While the initial Dacia headlines in the UK focused on the shockingly low price of the Sandero, it is the Duster that has come to exemplify the appeal of the brand in the UK. The people want an SUV, so that’s what Dacia gave them, albeit without so much of the (often unnecessary) complexity and expense found elsewhere. It’s proved a very successful approach, too, both for the Duster and other models in the Dacia range, and so it’s been continued into this all-new generation - with a few important updates.
The CMF-B platform is probably the most important part of the refresh; also used in the Jogger and Sandero, it means hybridised Dusters are possible for the first time. Dacia also suggests the new architecture will bring additional space in a very similarly sized car (including 472 litres of boot space), improved refinements and a ‘quantum leap in driving pleasure’. Which sounds nice.
The powertrains will be familiar from other Dacias also underpinned by CMF-B. There’s the Hybrid 140 1.6, which pairs a four-cylinder petrol engine with 49hp electric motor and 1.2kWh battery, a mild-hybrid, Miller Cycle 1.2 TCe 130 and the LPG-compatible TCe 100 Bi-Fuel. The 130 is offered with a manual gearbox in both 4x2 and 4x4 drivetrains; the Hybrid uses a clutchless electric auto gearbox.
While Dacia is aware of the Duster’s limitations as a ‘non-expert 4x4’, it has sought improvements in its off-roading capacity. Optioned with the 4x4 Terrain Control transmission, there are five drive settings (Auto, Snow, Mud/Sand, Off-Road and Eco) to make the most of the additional driven axle. The 4x4 offers 217mm of ground clearance, with up to 31 degrees at the front and 36 degrees at the rear of approach and departure angles. There’s even hill descent control. A ‘protective belt’ of flank shields, wheelarch guards and bumpers (plus skid plates underneath) should protect the Duster should owners venture off the beaten track.
With sustainability the name of the game when it comes to car building at the moment, the Duster comes chock full of recycled materials and innovative solutions. Those skid plates are ‘dyed in the mass’, which means paint isn’t required, and lots of body parts are made using something called Starkle. First seen on the Manifesto concept, it comprises 20 per cent recycled polypropylene and includes ‘white particles that give it a mottled look’ - that’s left unpainted. The interior mats are recycled, there’s no leather or decorative chrome on any model, and even the user manual in the car now features less paper (with a full one online.) Dacia says 20 per cent of the plastic in the Duster is recycled.
As has become Dacia tradition, too, there are a few novel features and options to note. There are YouClips to hold accessories tight around the cabin, a new roof rack that can hold up to 80kg, and the Sleep Pack first seen in on the Jogger is optionally available. Those who go for the Extreme will get washable TEP MicroCloud upholstery.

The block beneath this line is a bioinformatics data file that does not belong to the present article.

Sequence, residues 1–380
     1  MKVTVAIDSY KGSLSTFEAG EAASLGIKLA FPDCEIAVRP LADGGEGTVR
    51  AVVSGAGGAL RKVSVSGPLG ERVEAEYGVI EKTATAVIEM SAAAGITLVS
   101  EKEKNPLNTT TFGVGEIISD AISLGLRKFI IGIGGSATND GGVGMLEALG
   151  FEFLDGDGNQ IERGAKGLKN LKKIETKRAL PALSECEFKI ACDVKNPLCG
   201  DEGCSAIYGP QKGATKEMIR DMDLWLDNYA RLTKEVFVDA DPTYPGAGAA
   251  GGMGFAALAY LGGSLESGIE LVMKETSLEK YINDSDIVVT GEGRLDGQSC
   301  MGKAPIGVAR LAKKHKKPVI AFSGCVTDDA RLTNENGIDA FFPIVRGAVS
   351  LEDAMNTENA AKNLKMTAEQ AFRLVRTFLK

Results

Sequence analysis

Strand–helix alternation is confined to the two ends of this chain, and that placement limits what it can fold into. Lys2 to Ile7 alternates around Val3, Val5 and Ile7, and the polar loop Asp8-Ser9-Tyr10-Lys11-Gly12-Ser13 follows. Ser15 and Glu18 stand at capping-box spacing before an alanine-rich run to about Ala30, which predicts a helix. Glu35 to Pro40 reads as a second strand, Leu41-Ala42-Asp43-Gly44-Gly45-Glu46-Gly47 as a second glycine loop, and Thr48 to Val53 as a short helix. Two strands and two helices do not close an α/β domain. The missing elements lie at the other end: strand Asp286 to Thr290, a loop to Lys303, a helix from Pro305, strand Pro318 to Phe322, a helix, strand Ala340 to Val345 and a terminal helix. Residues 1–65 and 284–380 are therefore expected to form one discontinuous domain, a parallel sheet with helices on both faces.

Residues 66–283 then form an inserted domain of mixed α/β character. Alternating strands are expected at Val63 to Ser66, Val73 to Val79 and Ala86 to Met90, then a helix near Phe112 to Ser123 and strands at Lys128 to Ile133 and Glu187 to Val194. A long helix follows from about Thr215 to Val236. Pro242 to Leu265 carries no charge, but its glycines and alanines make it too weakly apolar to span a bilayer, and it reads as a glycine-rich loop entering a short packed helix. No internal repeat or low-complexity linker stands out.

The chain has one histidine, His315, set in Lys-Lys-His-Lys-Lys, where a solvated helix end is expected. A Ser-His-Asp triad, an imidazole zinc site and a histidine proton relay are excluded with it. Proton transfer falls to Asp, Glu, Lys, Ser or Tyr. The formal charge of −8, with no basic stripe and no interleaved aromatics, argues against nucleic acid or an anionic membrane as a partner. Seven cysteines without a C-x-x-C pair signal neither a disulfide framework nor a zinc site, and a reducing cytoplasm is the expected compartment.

All well and good, though it’s easy to imagine customers caring not one jot about the hardware changes and being entirely won over by the new look. Having earned its reputation with a utilitarian, back-to-basics charm, this third-generation Duster really turns on the style - especially when kitted out with all the off-road accessories. Dacia describes it as ‘stronger and more assertive’, combining the new brand cues like the logo and Y-shaped light signatures with a more rugged stature than we’ve seen before. Apparently, we should pay attention to the sharp, vertical face, chamfered wheel-arch guards and large windows as simple shapes that ‘add to the design’s power’. David Durand, Dacia Design Director, said: “Before even starting work on All-New Duster’s style, we honed its proportions, to find a strong, balanced posture. When you get the proportions right early on, you don’t need artifices to tweak style later.”
The interior has been given a makeover as well, with a new 10.1-inch touchscreen that comes with Media Display (smartphone connectivity and four speakers) or Media Nav Live (which adds nav and an Arkamys stereo). Only on Essential trim must buyers make do with a 3.5-inch screen, though that seems unlikely given that 70 per cent of Duster customers go for plusher specs. There’s a seven-inch digital dash from Expression trim and up, plus USB-C and wireless chargers, cruise control, a glut of driver assistance bits and Firmware Over The Air updates.
All sounds pretty promising, right? All the clever bits of Dacia motoring, now wrapped up in a more handsome design and built on more modern hardware. Though there aren’t UK prices yet, specs have been confirmed; there will be a Duster Essential, which is pretty basic, followed by Expression (bringing 17-inch wheels, the digital dash and a smartphone-compatible touchscreen), then Extreme and Journey. Dacia says both of those will be similarly priced, the former aimed at ‘fans of the outdoors and an intense driving experience’ - with the washable upholstery, rubber mats and Copper Brown accents - while the latter focuses on ‘low-key elegance and comfort’ with 18-inch wheels, upgraded stereo, automatic air-con and so on. There will be a Duster to suit everyone, basically - don’t be surprised if the new Dacia SUV is cleaning up (sorry) when it goes on sale in 2024.
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